Four easy steps to creating the perfect beach sunset selfie
Taking a little time to set up your photo the right way (and learning the secrets of your shoe) will work wonders.
It’s no secret that Florida boasts some pretty incredible sunsets.
But taking your own photo to share with friends on social media can lead to some pretty unfortunate sunset selfie casualties. That perfect pose in front of a twilight wave ends up as a dark silhouette in front of a watercolor backdrop.
As a professional photographer, it’s my responsibility to properly photograph my clients in front of these sunsets, so I’ve had some practice. I’m going to let you in on some little secrets to turn your simple cell phone into a powerful tool to take great self-portraits.
Florida’s weather is ridiculously unpredictable, especially in the summertime, when you can actually see rain clouds form before your eyes.
I have learned patience out of the pure frustration of unpredictable weather. After all, those same clouds can become the backdrop of amazing photographs.
Depending on the thickness of the storm clouds, you are either going to get bright orange and pink hues or deep blues and purples. That’s much more dramatic than a cloudless sunset, with minimal colors.
Please keep in mind that lightning on the beach is very dangerous. But even if a storm is raging, keep an eye on the radar and run to the beach if the rain stops before sunset.
The key to eliminating harsh silhouettes is to use a flash. Although it may not seem like proper selfie etiquette, your flash is the only way to ideally capture both sunset and subject.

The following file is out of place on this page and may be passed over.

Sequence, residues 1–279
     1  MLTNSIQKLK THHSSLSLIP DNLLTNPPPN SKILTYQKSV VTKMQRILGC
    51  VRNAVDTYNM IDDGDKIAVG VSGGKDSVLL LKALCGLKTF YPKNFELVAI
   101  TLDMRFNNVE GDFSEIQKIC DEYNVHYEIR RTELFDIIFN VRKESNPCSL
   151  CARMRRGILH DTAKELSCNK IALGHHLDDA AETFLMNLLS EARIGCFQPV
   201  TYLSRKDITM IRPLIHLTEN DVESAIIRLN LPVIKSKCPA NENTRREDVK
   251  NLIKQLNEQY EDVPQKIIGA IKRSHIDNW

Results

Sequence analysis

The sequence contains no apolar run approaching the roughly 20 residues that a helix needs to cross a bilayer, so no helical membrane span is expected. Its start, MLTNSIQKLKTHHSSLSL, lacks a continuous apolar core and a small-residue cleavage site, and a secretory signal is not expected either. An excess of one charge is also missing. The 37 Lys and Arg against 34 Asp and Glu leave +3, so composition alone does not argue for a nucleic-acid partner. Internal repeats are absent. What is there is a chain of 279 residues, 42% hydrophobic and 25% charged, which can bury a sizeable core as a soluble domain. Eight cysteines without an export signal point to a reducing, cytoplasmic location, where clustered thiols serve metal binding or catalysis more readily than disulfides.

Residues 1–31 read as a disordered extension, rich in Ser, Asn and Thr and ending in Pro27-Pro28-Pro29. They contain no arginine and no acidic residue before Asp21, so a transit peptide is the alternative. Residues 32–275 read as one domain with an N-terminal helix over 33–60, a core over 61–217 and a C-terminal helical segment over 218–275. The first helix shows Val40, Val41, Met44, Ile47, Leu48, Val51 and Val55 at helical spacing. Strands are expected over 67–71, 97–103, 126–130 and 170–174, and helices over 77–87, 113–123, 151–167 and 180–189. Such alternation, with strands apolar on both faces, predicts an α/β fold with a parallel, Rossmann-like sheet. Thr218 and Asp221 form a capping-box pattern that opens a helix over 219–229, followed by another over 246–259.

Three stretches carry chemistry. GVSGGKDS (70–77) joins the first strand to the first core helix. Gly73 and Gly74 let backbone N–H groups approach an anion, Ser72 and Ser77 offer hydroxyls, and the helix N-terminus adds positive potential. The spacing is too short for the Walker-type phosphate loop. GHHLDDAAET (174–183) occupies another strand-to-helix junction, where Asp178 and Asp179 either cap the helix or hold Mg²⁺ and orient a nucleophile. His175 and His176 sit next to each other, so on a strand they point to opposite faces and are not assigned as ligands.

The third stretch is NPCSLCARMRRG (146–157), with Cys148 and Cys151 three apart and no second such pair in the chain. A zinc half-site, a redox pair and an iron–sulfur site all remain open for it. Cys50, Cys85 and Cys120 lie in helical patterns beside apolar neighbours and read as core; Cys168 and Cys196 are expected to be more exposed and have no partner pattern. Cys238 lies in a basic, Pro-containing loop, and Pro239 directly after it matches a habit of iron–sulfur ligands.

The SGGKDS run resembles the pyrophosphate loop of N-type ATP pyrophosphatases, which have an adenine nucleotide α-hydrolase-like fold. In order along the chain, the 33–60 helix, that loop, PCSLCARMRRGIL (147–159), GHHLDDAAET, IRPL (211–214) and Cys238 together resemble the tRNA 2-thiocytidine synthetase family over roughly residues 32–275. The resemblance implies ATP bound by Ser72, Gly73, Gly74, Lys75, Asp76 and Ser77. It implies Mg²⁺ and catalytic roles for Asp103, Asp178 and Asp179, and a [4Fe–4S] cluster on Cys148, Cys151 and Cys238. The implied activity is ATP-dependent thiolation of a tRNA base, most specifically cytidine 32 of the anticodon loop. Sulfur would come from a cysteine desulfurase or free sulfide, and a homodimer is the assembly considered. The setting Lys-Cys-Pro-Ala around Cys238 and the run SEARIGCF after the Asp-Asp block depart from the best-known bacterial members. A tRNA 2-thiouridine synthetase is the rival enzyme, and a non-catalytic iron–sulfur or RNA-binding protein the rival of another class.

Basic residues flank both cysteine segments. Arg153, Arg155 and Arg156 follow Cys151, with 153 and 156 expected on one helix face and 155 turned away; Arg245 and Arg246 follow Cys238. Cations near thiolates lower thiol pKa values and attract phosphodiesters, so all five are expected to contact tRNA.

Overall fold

Don’t worry, using your flash can be tastefully done. Newer iPhones and Androids have a selfie flash (which is ideal in this situation), but if your phone does not support this feature, your phone’s self-timer and regular flash can do the trick.
This brings me to the only reason to ever bring shoes to the beach: Stick that phone in your shoe and turn on that self-timer! It’s a great trick that allows you to use your timer and flash, but also portrait mode, which is better than selfie mode at maintaining quality in a low-light setting.
One other benefit of stuffing your phone in your shoe is being able to sit down while your taking portraits. You can maintain proper composition and adjust your image before putting on the timer, and also avoid the dreaded selfie arm.
This is crucial when using a cell phone, since you don’t have settings that professional cameras have.
If it’s too early in the evening, the flash (you are using a flash now, right?) will wash out the sunset and colors. If try to take an image too long after the sun goes down, the flash will be too harsh on your face.
Ten minutes before or after sunset is prime time to capture your shots. This will leave you with photos that are ready for a little editing to enhance color depth and intensity.
Instagram actually has incredible and simple editing options that are comparable to the professional editing programs I use for my client galleries.
Take some time selecting your filter, but make sure to reduce the filter’s intensity by half. Then head over to Instagram’s manual editing mode to make slight adjustments.
Reducing highlights will soften the flash and strengthen the colors of the sunset without overprocessing the image. Softer highlights will make your image a little darker, so adjusting the brightness will guarantee a crisp portrait.
At this point your photo is going to be pretty close to perfect. The next steps is playing with color saturation and using charming hashtags like #BeInFL to get those portraits noticed!
These little tips and tricks can help capture these timeless moments to share the nuances of life with friends and family. Give them a try to guarantee photos that are worth 1,000 words — and maybe even 1,000 likes!